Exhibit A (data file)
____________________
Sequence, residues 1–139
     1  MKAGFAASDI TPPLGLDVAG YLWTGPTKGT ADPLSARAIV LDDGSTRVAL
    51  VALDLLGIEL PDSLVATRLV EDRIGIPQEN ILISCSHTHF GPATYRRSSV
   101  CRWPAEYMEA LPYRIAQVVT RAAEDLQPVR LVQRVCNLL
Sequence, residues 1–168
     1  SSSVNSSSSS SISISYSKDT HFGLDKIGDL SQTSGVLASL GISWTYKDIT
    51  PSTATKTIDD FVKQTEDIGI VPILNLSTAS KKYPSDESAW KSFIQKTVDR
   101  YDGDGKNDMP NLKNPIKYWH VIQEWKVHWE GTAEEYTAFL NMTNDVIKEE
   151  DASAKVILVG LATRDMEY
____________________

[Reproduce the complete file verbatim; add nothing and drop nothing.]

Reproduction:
Sequence, residues 1–139
     1  MKAGFAASDI TPPLGLDVAG YLWTGPTKGT ADPLSARAIV LDDGSTRVAL
    51  VALDLLGIEL PDSLVATRLV EDRIGIPQEN ILISCSHTHF GPATYRRSSV
   101  CRWPAEYMEA LPYRIAQVVT RAAEDLQPVR LVQRVCNLL
Sequence, residues 1–168
     1  SSSVNSSSSS SISISYSKDT HFGLDKIGDL SQTSGVLASL GISWTYKDIT
    51  PSTATKTIDD FVKQTEDIGI VPILNLSTAS KKYPSDESAW KSFIQKTVDR
   101  YDGDGKNDMP NLKNPIKYWH VIQEWKVHWE GTAEEYTAFL NMTNDVIKEE
   151  DASAKVILVG LATRDMEY